Typically, once counsel has identified the relevant and responsive ESI that will be produced, the documents are packaged for production. The requesting party, to search and review the documents, must also upload the files and any metadata into a database, essentially duplicating some of the labor. To minimize those costs, vendors can take out the formal production step. For instance, if there are 40,000 pages of responsive data, but the documents likely to see the light of day at a deposition or other proceeding amount to only 800 pages, it may be a waste of time and money to convert the documents to PDF or TIF files for production, particularly if the receiving party will simply turn around and put them back into a database. Rather, if the parties can work together (or if a court requires it), the responsive documents can be produced within the producing party’s database system thus saving substantial conversion costs.

The protocol for production within a database is relatively simple.

First, it must ensure that the accuracy and authenticity of the documents is protected. That is already achieved within any discovery database.

Second, the receiving party must not be able to see or review the documents that the producing party deemed non-responsive or privileged. The vendor can achieve this goal by creating a small database including just the subset of documents deemed responsive.

Third, the documents must be assigned some control number within the database so that there is no confusion as to which document is which.

Finally, if confidentiality is a concern, the parties must agree to maintain all documents in the produced database confidentially until otherwise agreed or adjudicated. Without such an agreement, the producing party would be required to formally produce each confidential document so that it can be stamped as confidential, defeating the purpose of the database production.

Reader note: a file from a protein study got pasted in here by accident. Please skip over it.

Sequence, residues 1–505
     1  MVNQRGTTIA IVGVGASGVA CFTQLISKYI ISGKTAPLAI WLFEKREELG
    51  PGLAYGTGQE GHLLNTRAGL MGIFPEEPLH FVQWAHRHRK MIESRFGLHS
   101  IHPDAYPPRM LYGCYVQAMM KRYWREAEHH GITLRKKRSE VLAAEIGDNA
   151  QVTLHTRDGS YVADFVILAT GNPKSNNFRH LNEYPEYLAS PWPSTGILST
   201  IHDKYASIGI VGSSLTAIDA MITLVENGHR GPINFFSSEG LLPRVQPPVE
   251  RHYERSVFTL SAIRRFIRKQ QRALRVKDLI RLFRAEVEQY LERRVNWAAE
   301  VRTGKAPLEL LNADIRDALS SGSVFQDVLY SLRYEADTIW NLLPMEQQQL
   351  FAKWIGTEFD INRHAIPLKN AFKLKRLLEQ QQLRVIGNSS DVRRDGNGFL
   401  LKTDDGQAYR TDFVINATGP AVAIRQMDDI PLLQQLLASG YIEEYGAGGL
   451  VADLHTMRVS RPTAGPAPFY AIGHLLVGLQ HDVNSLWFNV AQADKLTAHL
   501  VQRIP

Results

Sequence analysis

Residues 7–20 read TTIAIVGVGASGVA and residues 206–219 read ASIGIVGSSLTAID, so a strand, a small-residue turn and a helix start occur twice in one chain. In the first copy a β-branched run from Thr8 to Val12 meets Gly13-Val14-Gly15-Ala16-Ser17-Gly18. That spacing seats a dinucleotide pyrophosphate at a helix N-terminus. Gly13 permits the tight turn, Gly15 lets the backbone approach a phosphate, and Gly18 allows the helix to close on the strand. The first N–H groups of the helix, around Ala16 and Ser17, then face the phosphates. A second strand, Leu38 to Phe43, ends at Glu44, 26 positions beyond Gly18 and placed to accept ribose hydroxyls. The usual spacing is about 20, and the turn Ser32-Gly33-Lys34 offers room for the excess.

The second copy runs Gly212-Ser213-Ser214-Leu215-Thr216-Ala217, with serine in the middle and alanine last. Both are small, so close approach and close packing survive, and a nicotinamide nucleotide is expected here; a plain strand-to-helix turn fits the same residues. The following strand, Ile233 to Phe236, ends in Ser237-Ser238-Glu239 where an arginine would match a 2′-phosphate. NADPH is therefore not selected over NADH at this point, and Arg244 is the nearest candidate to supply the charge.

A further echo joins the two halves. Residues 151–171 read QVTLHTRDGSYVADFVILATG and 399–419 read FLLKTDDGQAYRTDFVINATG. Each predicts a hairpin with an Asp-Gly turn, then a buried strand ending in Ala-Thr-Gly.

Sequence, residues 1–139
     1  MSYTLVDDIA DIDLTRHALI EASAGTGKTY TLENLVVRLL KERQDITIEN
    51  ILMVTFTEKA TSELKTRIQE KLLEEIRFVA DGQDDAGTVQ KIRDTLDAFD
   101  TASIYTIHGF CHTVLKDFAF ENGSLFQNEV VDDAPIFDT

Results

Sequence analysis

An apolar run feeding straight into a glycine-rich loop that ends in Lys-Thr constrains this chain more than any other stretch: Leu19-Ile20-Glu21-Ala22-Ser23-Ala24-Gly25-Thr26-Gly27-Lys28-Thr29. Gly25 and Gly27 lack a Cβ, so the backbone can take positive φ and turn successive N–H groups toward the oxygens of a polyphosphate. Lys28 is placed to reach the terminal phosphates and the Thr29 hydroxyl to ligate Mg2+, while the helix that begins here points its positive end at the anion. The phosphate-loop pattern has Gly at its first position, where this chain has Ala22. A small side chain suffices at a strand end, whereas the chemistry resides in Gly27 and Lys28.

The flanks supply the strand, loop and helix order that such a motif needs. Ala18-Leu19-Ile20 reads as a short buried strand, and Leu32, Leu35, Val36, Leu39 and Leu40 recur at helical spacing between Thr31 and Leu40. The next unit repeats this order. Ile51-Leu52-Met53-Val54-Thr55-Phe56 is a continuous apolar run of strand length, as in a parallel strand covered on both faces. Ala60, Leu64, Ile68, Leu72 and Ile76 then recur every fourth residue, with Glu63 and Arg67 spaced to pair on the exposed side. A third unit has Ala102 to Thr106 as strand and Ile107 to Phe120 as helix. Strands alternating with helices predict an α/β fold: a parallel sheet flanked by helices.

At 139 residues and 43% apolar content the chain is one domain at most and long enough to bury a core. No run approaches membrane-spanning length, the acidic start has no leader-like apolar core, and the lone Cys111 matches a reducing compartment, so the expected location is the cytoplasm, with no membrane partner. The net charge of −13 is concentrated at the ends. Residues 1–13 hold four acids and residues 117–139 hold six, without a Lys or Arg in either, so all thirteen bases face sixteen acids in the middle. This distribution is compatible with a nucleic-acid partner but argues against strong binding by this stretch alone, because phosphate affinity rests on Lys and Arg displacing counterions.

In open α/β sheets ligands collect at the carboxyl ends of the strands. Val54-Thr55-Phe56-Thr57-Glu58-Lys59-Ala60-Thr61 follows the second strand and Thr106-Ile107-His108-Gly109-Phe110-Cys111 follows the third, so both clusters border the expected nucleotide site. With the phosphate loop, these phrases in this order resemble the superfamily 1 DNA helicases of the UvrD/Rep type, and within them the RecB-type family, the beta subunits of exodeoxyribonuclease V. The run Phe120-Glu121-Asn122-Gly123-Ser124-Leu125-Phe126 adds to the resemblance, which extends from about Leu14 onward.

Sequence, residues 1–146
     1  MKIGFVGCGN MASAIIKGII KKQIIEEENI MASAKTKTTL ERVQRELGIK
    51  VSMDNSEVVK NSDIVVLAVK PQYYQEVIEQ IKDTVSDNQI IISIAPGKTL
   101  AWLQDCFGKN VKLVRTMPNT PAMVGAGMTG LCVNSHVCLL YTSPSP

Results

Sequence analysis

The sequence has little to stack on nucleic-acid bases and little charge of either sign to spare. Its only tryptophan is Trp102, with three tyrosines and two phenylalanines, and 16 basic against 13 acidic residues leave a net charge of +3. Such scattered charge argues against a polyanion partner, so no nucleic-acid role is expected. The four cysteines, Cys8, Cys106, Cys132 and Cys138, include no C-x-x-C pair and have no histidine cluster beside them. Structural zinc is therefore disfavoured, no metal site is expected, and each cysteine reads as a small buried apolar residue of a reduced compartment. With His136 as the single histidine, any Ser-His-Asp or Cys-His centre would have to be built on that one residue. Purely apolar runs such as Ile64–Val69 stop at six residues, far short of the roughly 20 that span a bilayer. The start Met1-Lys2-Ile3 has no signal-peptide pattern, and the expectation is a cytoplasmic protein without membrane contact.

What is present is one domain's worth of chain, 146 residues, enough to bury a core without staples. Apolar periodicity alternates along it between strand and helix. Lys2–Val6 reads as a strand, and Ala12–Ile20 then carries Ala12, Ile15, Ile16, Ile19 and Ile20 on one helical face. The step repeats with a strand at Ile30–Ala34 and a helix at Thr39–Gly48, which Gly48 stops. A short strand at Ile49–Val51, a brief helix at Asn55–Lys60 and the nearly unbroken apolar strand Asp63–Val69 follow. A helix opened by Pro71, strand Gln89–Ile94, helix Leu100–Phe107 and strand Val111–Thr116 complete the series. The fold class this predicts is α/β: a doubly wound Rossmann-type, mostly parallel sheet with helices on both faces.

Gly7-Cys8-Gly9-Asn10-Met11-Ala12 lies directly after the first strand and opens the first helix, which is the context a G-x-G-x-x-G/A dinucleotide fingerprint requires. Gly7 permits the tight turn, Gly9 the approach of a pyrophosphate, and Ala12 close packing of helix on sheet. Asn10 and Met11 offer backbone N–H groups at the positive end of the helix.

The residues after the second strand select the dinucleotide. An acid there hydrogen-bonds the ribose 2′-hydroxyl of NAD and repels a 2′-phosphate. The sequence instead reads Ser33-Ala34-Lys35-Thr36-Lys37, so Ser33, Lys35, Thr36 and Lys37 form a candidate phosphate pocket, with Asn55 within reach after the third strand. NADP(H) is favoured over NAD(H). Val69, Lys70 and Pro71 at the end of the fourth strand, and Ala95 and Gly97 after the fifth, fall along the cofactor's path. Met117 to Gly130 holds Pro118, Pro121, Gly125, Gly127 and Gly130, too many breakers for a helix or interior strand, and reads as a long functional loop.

Ultimately, whichever party desires to use a document in a deposition or proceeding is responsible for ordering it from the discovery vendor. At that point, the producing party must support or remove any confidentiality designation. The parties could agree to split the cost of the formal production, or to each pay for those documents they plan to use. Either way, the cost is significantly less.

As the technology offerings in litigation support expand and become more user-friendly, there are countless options for decreasing discovery costs. Once entrenched in litigation, the best chance to manage costs is cooperation among the parties to use a common vendor and establish creative protocols.•


Margaret Christensen is a partner and Meaghan Klem Haller is an associate in the litigation group at Bingham Greenebaum Doll LLP. Greg Barberio is a litigation support analyst at BGD. Opinions expressed are those of the authors.